The Pacific wren (Troglodytes pacificus) is a very small North American bird and a member of the mainly New World wren family Troglodytidae. It was once lumped with Troglodytes hiemalis of eastern North America and Troglodytes troglodytes of Eurasia as the winter wren.
It breeds along the Pacific coast from Alaska to California and inland as far as Wyoming and the Black Hills of South Dakota. It migrates through and winters across the western half of the United States and Canada.
The scientific name is taken from the Greek word "troglodytes" (from "trogle" a hole, and "dyein" to creep), meaning "cave-dweller", and refers to its habit of disappearing into cavities or crevices whilst hunting arthropods or to roost.
Rufous brown above, richly colored below, barred with darker brown and dusky, even on wings and tail. The bill is dark brown, the legs pale brown. Young birds are less distinctly barred.
By studying the songs and genetics of individuals in an overlap zone between Troglodytes hiemalis and Troglodytes pacificus, Toews and Irwin (2008) found strong evidence of reproductive isolation between the two. It was suggested that the pacificus subspecies be promoted to the species level designation of Troglodytes pacificus with the common name of ‘Pacific wren’. By applying a molecular clock to the amount of mitochondrial DNA sequence divergence between the two, it was estimated that Troglodytes pacificus and Troglodytes troglodytes last shared a common ancestor approximately 4.3 million years ago, long before the glacial cycles of the Pleistocene, thought to have promoted speciation in many avian systems inhabiting the boreal forest of North America.
The Pacific wren nests mostly in coniferous forests, especially those of spruce and fir, where it is often identified by its long and exuberant song. Although it is an insectivore, it can remain in moderately cold and even snowy climates by foraging for insects on substrates such as bark and fallen logs.
Its movements as it creeps or climbs are incessant rather than rapid; its short flights swift and direct but not sustained, its tiny round wings whirring as it flies from bush to bush.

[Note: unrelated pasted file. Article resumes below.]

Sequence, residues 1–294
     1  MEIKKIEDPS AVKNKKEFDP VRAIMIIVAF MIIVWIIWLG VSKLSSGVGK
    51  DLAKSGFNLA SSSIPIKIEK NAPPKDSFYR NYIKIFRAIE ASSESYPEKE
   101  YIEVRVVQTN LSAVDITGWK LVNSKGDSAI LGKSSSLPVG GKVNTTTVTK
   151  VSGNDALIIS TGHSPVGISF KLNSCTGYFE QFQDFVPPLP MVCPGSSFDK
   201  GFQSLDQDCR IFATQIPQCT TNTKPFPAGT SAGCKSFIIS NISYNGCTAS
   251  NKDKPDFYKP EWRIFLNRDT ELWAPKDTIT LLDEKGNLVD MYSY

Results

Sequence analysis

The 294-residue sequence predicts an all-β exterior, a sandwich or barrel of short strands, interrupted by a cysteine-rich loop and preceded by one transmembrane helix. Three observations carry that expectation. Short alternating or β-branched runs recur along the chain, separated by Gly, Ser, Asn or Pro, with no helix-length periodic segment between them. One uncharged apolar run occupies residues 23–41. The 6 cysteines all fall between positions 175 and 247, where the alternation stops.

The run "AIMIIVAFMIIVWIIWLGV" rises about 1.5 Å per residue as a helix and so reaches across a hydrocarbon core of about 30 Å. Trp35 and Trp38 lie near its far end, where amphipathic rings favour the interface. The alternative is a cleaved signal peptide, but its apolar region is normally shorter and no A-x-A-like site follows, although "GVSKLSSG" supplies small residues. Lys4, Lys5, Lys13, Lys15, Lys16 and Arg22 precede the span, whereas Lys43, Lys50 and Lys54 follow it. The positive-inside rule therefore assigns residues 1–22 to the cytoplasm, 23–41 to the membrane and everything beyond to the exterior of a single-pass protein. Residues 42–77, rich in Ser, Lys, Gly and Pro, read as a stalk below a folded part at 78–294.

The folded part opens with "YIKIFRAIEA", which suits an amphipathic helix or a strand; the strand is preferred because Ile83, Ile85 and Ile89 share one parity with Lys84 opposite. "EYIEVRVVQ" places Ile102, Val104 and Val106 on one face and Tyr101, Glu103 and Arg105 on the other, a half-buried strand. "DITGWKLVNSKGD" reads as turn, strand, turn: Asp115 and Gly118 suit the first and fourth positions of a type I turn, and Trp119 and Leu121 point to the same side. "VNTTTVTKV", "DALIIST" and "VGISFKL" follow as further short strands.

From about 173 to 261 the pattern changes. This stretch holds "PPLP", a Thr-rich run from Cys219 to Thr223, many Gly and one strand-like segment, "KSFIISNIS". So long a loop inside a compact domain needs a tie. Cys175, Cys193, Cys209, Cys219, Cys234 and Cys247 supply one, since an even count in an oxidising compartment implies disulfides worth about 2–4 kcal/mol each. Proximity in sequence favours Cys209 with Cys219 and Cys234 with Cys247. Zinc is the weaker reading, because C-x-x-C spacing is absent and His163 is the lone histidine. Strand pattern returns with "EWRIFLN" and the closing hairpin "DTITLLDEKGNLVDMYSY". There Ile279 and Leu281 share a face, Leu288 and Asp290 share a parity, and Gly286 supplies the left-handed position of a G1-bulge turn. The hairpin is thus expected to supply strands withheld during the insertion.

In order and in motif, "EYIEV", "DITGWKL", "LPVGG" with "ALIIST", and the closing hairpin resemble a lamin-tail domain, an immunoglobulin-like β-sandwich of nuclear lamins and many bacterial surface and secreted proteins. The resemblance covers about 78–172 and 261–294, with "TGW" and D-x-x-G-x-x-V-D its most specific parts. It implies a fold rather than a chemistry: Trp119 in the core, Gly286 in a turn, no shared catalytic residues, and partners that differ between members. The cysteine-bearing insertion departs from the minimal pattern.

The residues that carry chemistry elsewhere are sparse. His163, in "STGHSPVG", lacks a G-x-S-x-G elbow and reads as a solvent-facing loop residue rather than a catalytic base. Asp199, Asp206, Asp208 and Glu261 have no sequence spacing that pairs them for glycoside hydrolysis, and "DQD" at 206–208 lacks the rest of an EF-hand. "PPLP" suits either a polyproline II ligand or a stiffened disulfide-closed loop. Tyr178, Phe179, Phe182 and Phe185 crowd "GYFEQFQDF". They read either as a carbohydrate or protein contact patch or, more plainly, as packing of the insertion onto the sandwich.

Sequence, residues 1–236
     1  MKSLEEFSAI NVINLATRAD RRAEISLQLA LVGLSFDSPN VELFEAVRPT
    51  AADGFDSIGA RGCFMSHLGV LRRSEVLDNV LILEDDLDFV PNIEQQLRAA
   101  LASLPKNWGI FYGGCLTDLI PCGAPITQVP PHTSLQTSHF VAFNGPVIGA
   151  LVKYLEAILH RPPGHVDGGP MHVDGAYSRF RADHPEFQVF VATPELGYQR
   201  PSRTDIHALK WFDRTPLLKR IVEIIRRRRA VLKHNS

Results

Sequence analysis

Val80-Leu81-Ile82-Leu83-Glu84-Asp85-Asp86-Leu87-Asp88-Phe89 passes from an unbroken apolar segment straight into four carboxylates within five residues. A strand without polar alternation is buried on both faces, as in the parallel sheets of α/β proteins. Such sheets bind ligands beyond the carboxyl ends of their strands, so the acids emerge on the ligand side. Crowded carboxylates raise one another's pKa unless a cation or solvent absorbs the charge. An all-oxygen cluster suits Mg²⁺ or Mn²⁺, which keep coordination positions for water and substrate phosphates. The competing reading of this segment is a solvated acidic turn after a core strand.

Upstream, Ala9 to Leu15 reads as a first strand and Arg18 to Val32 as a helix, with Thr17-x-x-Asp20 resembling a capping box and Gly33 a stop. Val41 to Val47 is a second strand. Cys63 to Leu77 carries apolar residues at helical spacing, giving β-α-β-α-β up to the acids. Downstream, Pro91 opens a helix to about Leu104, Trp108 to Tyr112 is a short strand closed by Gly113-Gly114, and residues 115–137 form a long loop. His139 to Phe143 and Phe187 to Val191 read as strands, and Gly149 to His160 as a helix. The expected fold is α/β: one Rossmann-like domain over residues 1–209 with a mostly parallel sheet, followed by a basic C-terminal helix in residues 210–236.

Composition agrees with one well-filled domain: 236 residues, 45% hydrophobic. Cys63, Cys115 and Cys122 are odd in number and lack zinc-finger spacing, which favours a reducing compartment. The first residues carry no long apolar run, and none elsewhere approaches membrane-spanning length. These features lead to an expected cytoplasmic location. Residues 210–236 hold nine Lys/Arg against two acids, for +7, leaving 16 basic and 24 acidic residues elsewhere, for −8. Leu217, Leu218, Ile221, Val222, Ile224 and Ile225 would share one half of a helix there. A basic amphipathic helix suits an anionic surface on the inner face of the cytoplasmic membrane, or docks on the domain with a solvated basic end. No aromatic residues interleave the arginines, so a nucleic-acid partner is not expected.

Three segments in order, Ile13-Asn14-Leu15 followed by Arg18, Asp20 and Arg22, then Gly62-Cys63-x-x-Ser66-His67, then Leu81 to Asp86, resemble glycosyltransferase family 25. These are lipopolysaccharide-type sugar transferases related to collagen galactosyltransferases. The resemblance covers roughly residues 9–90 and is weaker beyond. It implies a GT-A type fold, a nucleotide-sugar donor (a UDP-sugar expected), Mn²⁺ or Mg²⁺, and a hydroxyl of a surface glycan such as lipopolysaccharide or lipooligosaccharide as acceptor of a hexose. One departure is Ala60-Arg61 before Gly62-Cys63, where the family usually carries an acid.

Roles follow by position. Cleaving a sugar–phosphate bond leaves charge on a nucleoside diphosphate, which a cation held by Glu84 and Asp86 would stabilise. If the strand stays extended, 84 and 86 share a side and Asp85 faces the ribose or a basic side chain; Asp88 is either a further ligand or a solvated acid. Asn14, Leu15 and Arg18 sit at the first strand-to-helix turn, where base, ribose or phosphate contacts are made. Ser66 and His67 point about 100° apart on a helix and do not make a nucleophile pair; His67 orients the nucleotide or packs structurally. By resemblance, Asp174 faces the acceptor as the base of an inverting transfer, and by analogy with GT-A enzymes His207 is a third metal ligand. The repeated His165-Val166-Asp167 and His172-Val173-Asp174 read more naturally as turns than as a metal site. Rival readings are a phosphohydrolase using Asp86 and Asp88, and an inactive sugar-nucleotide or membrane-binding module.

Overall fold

At night, usually in winter, it often roosts, true to its scientific name, in dark retreats, snug holes and even old nests. In hard weather it may do so in parties, either consisting of the family or of many individuals gathered together for warmth.
The male builds a small number of nests. These are called "cock nests" but are never lined until the female chooses one to use.
The normal round nest of grass, moss, lichens or leaves is tucked into a hole in a wall, tree trunk, crack in a rock or corner of a building, but it is often built in bushes, overhanging boughs or the litter which accumulates in branches washed by floods.
Five to eight white or slightly speckled eggs are laid in April, and second broods are reared.
- "BirdLife International Species factsheet: Troglodytes troglodytes". BirdLife International. Retrieved 2007-11-20.
- Toews, David P. L.; Darren E. Irwin (2008). "Cryptic speciation in a Holarctic passerine revealed by genetic and bioacoustic analyses". Molecular Ecology. 17 (11): 2691–2705. doi:10.1111/j.1365-294X.2008.03769.x. ISSN 0962-1083. PMID 18444983. S2CID 8488125.
- Drovetski, S. V.; R. M. Zink; S. Rohwer; I. V. Fadeev; E. V. Nesterov; I. Karagodin; E. A. Koblik; Y. A. Red'kin (2004). "Complex biogeographic history of a Holarctic passerine" (PDF). Proceedings of the Royal Society B: Biological Sciences. 271 (1538): 545–551. doi:10.1098/rspb.2003.2638. ISSN 0962-8452. PMC 1691619. PMID 15129966. Archived from the original (PDF) on 2010-06-16.
- Weir, J. T.; D. Schluter (2004). "Ice sheets promote speciation in boreal birds". Proceedings of the Royal Society B: Biological Sciences. 271 (1551): 1881–1887. doi:10.1098/rspb.2004.2803. ISSN 0962-8452. PMC 1691815. PMID 15347509.